Reading List: Nine Smart Books on Artificial Intelligence

Some great new books on artificial intelligence were published recently. We compiled a list of nine.

Dave Touretzky, CMU professor and chair of AI4K12, recommended four written for non-specialist adults, but they are also accessible to high school students.

How Smart Machines Think by Sean Gerrish. If you want to discuss recent AI achievements with your students, such as how self-driving cars work, how Watson beat two of the best human Jeopardy! players, how NetFlix uses AI to recommend movies to people, and how AlphaGo beat one of the best human Go players, this book is for you.

Architects of Intelligence: The Truth About AI From the People Building it. Martin Ford interviewed 23 of the leading names in artificial intelligence research, asking them about the state of the art and what the future holds.  This book is an edited transcript of those interviews and is accessible to non-experts.

AI Super Powers: China, Silicon Valley, and The New World Order by Kai-Fu Lee. This book discusses the evolution of the Internet and AI technologies in China and the US, pointing out both similarities and differences. China’s stated goal of becoming the leader in AI research by 2030 has attracted a lot of attention.  How might differences between Chinese and American cultures contribute to such an outcome?  Read Lee to find out. (See this essay-length summary.)

The Deep Learning Revolution by Terry Sejnowski who directs the Computational Neurobiology Laboratory at The Salk Institute for Biological Studies. Sejnowski played an important role in the development of deep learning. His new book prepares us for a deep learning future.

Social Science. Bit by Bit: Social Research in the Digital Age by Princeton professor Matthew Salganik. Recommended by Neil Lawrence, Amazon Research Cambridge, Bit by Bit is a guide to doing social science research in the automation age. In a nontechnical but comprehensive way, he lays out a principles-based approach to handling ethical challenges.

Revealing the Invisible: How Our Hidden Behaviors Are Becoming the Most Valuable Commodity of the 21st Century by Tom Koulopoulos (@tkspeaks), the author of 10 books and founder of the Delphi Group, a 30-year-old Boston-based think tank. His new book reveals this disruptive new era where our behavior is tracked and used to predict our individual and collective futures.

Public Policy. Shaping the Fourth Industrial Revolution by Klaus Schwab and Nicholas Davis (with forward by Satya Nadella). Published by the World Economic Forum, this book is a general audience summary of the automation economy. It explores 12 different areas (each influenced by AI) central to the future of humanity.  The book is complemented by a variety of online resources.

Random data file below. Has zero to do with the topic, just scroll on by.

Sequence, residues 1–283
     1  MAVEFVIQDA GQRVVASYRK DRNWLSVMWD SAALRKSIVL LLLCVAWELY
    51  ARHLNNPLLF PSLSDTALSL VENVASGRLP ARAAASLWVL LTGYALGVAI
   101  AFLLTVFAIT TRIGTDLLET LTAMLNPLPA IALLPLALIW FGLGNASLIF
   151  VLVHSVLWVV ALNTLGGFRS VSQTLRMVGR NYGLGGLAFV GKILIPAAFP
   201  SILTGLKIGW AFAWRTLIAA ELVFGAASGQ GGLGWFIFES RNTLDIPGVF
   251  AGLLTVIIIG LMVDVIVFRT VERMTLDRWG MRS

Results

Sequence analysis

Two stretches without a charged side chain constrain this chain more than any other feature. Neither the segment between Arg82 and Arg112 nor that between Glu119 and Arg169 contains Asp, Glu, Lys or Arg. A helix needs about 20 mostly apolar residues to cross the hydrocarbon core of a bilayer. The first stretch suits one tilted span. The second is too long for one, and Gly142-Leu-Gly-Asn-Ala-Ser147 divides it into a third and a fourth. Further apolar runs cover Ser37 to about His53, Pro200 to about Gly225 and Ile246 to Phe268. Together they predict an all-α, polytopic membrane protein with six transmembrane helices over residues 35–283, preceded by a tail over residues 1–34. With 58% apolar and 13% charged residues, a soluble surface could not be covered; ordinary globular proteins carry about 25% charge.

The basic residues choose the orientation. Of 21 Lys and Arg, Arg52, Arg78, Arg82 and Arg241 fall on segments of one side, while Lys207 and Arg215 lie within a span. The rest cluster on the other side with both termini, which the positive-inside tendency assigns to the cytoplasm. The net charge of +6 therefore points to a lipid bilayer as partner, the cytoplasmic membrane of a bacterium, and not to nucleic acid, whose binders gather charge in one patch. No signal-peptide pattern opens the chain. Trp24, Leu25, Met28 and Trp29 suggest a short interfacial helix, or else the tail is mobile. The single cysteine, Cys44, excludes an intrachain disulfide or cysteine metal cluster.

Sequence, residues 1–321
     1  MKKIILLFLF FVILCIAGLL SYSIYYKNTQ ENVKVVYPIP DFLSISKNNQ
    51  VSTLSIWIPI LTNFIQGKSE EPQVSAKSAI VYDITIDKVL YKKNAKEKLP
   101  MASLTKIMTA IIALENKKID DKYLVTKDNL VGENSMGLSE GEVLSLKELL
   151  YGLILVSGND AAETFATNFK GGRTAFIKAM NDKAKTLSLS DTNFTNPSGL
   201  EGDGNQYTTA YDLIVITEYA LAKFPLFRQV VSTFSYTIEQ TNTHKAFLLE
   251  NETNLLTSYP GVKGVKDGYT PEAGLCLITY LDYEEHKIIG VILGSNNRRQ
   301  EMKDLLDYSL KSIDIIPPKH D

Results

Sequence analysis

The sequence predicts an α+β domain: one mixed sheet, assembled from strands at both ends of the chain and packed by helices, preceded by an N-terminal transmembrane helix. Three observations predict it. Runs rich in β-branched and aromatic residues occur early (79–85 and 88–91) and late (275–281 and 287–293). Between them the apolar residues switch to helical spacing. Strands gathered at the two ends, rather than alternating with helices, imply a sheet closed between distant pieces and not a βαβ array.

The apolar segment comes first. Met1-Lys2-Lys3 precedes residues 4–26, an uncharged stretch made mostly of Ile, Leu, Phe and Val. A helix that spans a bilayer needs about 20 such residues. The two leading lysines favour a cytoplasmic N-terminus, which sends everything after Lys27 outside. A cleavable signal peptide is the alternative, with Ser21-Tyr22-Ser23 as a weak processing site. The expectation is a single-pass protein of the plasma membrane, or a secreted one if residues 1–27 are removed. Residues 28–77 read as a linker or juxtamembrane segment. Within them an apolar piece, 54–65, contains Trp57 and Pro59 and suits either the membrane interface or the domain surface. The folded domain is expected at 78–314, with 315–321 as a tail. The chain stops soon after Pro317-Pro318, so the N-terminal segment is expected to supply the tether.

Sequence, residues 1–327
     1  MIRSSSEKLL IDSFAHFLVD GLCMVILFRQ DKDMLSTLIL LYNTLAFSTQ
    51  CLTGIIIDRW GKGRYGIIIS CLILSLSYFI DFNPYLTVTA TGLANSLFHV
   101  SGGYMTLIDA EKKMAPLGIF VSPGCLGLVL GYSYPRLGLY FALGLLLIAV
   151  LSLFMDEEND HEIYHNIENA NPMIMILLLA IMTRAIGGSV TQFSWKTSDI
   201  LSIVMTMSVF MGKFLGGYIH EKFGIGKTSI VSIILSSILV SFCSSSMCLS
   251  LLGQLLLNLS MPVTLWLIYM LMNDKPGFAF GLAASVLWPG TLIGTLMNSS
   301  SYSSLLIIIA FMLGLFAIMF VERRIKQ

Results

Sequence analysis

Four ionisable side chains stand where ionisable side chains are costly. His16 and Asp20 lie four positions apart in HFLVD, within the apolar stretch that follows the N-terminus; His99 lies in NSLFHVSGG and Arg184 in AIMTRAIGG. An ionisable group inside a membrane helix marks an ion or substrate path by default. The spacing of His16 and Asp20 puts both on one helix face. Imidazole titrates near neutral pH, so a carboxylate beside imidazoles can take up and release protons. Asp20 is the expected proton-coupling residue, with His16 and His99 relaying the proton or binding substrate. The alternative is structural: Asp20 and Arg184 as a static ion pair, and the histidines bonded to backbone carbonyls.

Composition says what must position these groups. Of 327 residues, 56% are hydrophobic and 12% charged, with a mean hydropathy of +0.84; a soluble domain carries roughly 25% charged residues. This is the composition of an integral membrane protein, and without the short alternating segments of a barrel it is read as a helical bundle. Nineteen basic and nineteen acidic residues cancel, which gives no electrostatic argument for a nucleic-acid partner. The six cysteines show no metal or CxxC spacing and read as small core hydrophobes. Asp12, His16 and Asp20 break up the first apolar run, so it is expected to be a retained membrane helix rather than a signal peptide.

HigherEd Textbook. Artificial Intelligence: A Modern Approach (3rd edition, 2016) by Russell and Norvig remains the standard text for undergraduate AI courses. Dave Touretzky said he taught with it last semester and finds it great for upper-level computer science majors but too technical for non-specialists.

K-12 Guide. Teaching AI: Exploring New Frontiers for Learning by Michelle Zimmermann, head of school at Renton Prep. The new book was published by ISTE with a grant from General Motors to support the development of new resources on AI in K-12 education.

Each chapter opens with a scene featuring diverse settings and characters. Zimmerman connects the dots between seemingly unrelated topics and concludes each chapter with questions for further study. Zimmerman concludes that the automation economy demands design thinking and project-based learning. (See our review.)

Other Resources. For more, see:

This post is a part of the Getting Smart Future of Work Campaign. The future of work will bring new challenges and cause us to shift how we think about jobs and employability — so what does this mean for teaching and learning? In our exploration of the #FutureOfWork, sponsored by eduInnovation and powered by Getting Smart, we dive into what’s happening, what’s coming and how schools might prepare. For more, follow #futureofwork and visit our Future of Work page.

Stay in-the-know with innovations in learning by signing up for the weekly Smart Update. This post includes mentions of a Getting Smart partner. For a full list of partners, affiliate organizations and all other disclosures, please see our Partner page.

Tom Vander Ark

Tom Vander Ark is the CEO of Getting Smart. He has written or co-authored more than 50 books and papers including Getting Smart, Smart Cities, Smart Parents, Better Together, The Power of Place and Difference Making. He served as a public school superintendent and the first Executive Director of Education for the Bill & Melinda Gates Foundation.

Discover the latest in learning innovations

Sign up for our weekly newsletter.



Here is #10: Surfing the Tsunami, Todd Kelsey

Tom Vander Ark

Add new book from Charles Fadel, CCR, Artificial Intelligence In Education: Promises and Implications for Teaching and Learning. Reviewed here

Leave a Comment

Your email address will not be published. All fields are required.